Defenders #1 Review

by Charles Martin on August 11, 2021

Defenders #1 Review
Writer: Al Ewing
Artist/Storyteller/Colorist: Javier Rodríguez
Inker: Álvaro López
Letterer: Joe Caramagna
Publisher: Marvel Comics

The Defenders are back, baby! And forget any thoughts of Netflix synergy this time; we're going old-school Defenders. 70s Defenders. Englehart Defenders. Possibly even (a man can dream) Gerber Defenders.

Hold onto your leisure suits, things are about to get funky.

It starts, like so many Dr. Strange adventures, with an uninvited guest busting into the Sanctum Sanctorum. It's the Masked Raider, whom Al Ewing introduced in those "Marvel #1000" anniversary comics a while back.

After a few pages of inevitable misunderstanding brawl, the Raider and Dr. Strange settle down and talk through the setup. The Raider's been battling against the Enclave, the amoral super-scientists who created his Eternity Mask. Now the last of them, Zota, has fled into the far reaches of time using the spellbook of Sise-Neg, the Marvel universe's first time wizard. 

(I find the pure comic-book-osity of that paragraph delightful.)

Dr. Strange wastes no time. "The cosmos must be defended," he says, and he turns immediately to gathering up a team.

From one point of view, this is a little slow for a first issue. There's a lot of exposition to get out to establish the premise and make sure the reader understands the Masked Raider. Plus, there's a slightly indulgent detour taken to tie the latest incarnation of Korvac (see Christopher Cantwell's Iron Man) to the Enclave.

But from a more visual perspective, Defenders #1 is quite the thrill ride. Javier Rodríguez brings the full might of his inventive layout skills to bear. His artful arrangements add not just interest but actual meaning to the proceedings, helping to organize the characters, ideas, and themes of the work.

Thematic elements were definitely on author Al Ewing's mind when he scripted this. The most obvious theme covering the issue from start to finish is a heavy reliance on the tarot. From informing Dr. Strange's initial meditation to playing a vital role in building the team, magic cards are everywhere. Mr. Rodriquez is fully engaged, framing many of the panels so that they could be (quite beautiful) tarot cards themselves. 

There's also a clear theme of "order vs. chaos" running through this issue. Magic exceeds the control of its users a couple of times. In Dr. Strange's personal experience of this phenomenon, he hits the familiar "magic always has a cost" button and describes magical chaos as something terrible yet necessary when you're doing high-stakes cosmic Defender-ing.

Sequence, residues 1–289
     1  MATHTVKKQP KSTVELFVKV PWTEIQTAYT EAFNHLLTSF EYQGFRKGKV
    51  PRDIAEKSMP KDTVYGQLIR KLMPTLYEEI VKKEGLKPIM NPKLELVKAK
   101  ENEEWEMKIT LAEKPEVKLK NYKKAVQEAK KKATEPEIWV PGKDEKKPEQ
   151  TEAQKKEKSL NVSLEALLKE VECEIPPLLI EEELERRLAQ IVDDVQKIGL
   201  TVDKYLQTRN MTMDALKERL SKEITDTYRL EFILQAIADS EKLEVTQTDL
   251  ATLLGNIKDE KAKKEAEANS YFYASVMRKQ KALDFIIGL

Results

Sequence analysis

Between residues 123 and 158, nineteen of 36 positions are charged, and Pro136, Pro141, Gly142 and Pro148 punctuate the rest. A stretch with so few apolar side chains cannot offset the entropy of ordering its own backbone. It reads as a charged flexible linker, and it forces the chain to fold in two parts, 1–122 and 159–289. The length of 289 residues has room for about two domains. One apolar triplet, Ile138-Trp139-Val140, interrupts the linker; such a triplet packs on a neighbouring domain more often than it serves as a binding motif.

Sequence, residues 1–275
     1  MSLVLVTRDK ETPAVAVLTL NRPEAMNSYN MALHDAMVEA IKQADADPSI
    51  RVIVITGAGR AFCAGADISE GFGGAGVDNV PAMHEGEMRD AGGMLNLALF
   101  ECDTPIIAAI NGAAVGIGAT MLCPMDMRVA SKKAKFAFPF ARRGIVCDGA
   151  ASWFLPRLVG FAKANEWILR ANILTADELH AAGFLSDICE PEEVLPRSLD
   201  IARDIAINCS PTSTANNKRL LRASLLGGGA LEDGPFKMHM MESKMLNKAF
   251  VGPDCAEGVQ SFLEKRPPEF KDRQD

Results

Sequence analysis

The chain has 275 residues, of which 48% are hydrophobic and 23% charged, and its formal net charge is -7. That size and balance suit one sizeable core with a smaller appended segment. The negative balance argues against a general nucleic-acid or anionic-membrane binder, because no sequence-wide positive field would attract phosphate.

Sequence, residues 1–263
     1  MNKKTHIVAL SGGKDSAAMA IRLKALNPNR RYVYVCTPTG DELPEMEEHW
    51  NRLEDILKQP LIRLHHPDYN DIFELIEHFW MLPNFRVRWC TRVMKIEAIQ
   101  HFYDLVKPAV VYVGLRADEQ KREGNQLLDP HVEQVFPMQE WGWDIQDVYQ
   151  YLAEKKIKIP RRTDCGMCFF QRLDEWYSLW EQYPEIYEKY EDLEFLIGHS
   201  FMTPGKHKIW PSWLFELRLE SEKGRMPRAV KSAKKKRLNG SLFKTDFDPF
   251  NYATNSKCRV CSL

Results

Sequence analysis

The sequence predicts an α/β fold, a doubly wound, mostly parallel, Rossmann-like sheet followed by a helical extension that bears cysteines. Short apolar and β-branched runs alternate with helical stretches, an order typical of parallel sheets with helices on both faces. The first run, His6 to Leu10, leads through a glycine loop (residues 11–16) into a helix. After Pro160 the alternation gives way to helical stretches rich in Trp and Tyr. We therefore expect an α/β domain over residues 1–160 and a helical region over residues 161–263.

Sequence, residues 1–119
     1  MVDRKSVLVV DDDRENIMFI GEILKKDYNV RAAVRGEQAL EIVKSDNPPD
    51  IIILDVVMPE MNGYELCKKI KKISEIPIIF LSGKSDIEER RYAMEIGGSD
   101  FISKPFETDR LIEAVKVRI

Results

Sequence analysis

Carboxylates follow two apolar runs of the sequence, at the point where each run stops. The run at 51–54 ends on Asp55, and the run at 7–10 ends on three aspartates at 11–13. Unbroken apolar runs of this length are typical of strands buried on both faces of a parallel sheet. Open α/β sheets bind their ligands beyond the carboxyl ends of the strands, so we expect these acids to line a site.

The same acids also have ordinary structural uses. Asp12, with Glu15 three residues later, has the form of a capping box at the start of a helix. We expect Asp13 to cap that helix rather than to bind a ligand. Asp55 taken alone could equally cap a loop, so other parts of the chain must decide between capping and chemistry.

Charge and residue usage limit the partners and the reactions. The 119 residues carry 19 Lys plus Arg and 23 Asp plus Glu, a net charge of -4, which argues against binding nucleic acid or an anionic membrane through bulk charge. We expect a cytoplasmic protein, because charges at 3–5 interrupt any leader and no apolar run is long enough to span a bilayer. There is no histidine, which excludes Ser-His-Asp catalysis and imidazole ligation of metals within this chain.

The team that Strange assembles is a very promising one. He gets the Silver Surfer (now well clear of Donny Cates's "Black Surfer" phase), an OG Defender from the glory days. He gets Betty "Red Harpy" Banner, a great pull from Al Ewing's exquisite Immortal Hulk. And rounding things out is Cloud, a "sentient nebula" who's unfamiliar to me. The sheer weirdness and danger of them -- they're a non-binary entity with the power to create and destroy stars -- is immediately appealing.

When it comes to the nuts and bolts of the prose, Mr. Ewing plays it rather safe. Dialogue and narration are clean and smooth. The words are easy to digest but not given to flourishes. This is appropriate for a backstory-heavy comic, and Dr. Strange's narration does lend the issue just enough of a personal, human touch.

I would bet a nigh-foolhardy amount of money that there's much weirder stuff coming down the pike in future issues, though. This is Al Ewing playing on the cosmic stage, and the author tends to turn such stories into high-wire acts that take great storytelling risks. 

It hasn't happened yet, but I'm certain that it will.

Defenders #1 is a comic that feels both fast and slow. The Masked Raider brings an ultra-high-stakes problem to Dr. Strange, and the magician speedily pulls together a team to address it. This issue accomplishes a great deal, and it looks gorgeous doing it. But it's also loaded with a lot of exposition; fortunately, it all goes down smoothly.

Our Score:


A Look Inside


Charles Martin's picture
My love for the Red Harpy may be excessive. She only has 11 words of dialogue here, yet she's already well on her way to being my favourite.